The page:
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Latest Phylloscopus Stories

Researchers Remap The Epic Evolution Of A 'Ring Species'
2014-05-26 03:58:52

University of British Columbia The Greenish Warbler, long considered an idealized example of a single species that diverged into two as it expanded its range, has a much more checkered family history than biologists previously realized. Ring species are a continuous loop of related populations, each adapted to its local environment, with two terminal populations in the loop meeting but now unable to mate. But an in-depth genomic analysis published today in Nature by University of...

fedd1e284e8bc62501fabfc018bcdb331
2008-04-10 10:00:00

Migratory birds make mistakes in terms of direction, but not distance. These are the findings of a team of ornithologists and ecologists from the University of Marburg, the Ornithological Society in Bavaria and the Helmholtz Centre for Environmental Research (UFZ), writing in the Journal of Ornithology. The scientists assessed several thousand reports of Asian birds from the leaf-warbler and thrush families that had strayed to Europe. They discovered that the distance between the breeding...


Latest Phylloscopus Reference Libraries

0_942ea377e61791b742255c2789905b1f
2008-06-13 22:36:06

The Western Crowned Warbler (Phylloscopus occipitalis), is a leaf warbler which breeds in Central Asia. It winters in the forests of the Western Ghats. The species has a distinctive crown stripe and two wing-bars. It often moves in small flocks or in mixed hunting parties. The nest is built in a hole, and the typical clutch is four eggs. Photo Copyright and Credit

0_45fd43552d7ce4fbb3a69f5bfb923857
2008-06-13 22:34:18

The Greenish Warbler (Phylloscopus trochiloides), is a widespread leaf-warbler throughout its breeding range in northeast Europe and northern Asia. This warbler is strongly migratory and winters in India. It breeds in lowland deciduous or mixed forest. This species occurs as a spring or early autumn vagrant in western Europe and is annual in Great Britain. This is a typical leaf-warbler in appearance, grayish-green above and off-white below. Its single wing bar distinguishes it from most...

0_4d79ddcf95d82b6560217dd0bbaf7ed9
2008-06-13 22:32:19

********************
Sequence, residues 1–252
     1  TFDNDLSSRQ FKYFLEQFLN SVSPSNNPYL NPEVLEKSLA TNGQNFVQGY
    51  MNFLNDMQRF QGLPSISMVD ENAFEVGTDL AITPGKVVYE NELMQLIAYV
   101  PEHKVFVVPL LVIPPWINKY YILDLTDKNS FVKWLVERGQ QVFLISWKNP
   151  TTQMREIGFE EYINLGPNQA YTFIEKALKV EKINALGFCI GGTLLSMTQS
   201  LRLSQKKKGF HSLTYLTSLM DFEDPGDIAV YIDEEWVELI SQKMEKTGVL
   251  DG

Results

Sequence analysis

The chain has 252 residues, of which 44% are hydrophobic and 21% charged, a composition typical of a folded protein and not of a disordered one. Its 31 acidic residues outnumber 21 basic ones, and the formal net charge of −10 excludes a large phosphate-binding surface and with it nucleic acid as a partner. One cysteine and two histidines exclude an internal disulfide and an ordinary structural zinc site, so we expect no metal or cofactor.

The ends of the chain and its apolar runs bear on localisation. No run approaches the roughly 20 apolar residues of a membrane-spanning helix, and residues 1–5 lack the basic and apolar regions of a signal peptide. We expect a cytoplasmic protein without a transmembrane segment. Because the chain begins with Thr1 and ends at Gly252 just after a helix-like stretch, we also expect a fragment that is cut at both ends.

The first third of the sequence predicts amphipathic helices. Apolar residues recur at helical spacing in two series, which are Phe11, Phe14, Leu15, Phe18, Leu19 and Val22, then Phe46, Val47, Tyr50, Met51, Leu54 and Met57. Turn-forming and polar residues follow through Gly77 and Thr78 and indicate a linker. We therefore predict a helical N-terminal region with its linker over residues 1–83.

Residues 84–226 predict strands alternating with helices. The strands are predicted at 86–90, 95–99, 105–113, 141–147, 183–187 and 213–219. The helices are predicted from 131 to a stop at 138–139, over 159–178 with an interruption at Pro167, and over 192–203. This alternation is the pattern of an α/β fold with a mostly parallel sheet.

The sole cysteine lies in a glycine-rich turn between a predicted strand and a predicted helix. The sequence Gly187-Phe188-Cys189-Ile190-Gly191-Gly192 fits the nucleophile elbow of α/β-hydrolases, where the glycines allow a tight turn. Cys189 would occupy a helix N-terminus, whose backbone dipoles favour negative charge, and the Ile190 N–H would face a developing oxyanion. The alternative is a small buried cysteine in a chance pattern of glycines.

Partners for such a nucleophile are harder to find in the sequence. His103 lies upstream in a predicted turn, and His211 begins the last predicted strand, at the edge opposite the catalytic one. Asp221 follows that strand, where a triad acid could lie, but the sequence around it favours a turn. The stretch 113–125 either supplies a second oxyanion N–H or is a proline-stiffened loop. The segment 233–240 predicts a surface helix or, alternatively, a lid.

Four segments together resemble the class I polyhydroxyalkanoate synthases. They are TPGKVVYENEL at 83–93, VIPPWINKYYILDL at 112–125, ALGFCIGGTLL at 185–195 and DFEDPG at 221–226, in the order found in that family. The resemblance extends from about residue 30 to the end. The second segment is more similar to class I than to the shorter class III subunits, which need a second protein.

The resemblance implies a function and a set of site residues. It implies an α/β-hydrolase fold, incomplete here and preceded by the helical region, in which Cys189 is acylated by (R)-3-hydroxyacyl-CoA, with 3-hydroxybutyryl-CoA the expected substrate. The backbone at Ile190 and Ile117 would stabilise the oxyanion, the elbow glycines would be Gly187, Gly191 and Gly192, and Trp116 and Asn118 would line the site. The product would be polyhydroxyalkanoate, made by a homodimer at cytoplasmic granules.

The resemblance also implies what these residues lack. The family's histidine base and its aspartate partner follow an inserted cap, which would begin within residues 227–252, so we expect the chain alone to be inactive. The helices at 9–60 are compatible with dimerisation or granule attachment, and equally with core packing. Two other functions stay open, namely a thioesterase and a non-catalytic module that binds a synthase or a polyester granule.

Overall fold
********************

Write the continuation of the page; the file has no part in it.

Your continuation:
The Arctic Warbler (Phylloscopus borealis), is a widespread leaf warbler in birch or mixed birch forest near water throughout its breeding range in Fennoscandia and northern Asia. It has established a foothold in North America, breeding in Alaska. This warbler is strongly migratory. The entire population winters in southeast Asia. It therefore has one of the longest migrations of any Old World insectivorous bird. This is a typical leaf warbler in appearance, grayish-green above and...

0_3acb8ebee686a2b2dddd9c322e420117
2008-06-13 22:30:11

Hume's Leaf Warbler (Phylloscopus humei), is a small leaf warbler which breeds in the mountains of central Asia from the Hindu Kush and Karakoram east and north to the Tien Shan in China and the Altay Mountains in Mongolia. This warbler is migratory and winters mainly in India. It also occurs in western Europe in October, despite an 1800 mile distance from its natural breeding grounds. This is a common bird of mountain woodlands at altitudes of up to 11,500 feet. The Western Hume's Leaf...

0_f856c5b14154b5fde2ab1db05e1b03d4
2008-06-13 22:28:09

The Yellow-browed Warbler (Phylloscopus inornatus), also known as Inornate Warbler, is a leaf warbler which breeds in Asia east from the Urals to China. This warbler is strongly migratory and winters in southeast Asia. It also occurs in western Europe in late September and October, despite an 1800 mile distance from its breeding grounds. This is an abundant bird of lowland and mountain woodlands. This is one of the smallest warblers, no more than 4 inches long, and shares greenish...

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Word of the Day
toccata
  • In music, a work for a keyboard-instrument, like the pianoforte or organ, originally intended to utilize and display varieties of touch: but the term has been extended so as to include many irregular works, similar to the prelude, the fantasia, and the improvisation.
This word is Italian in origin, coming from the feminine past participle of 'toccare,' to touch.
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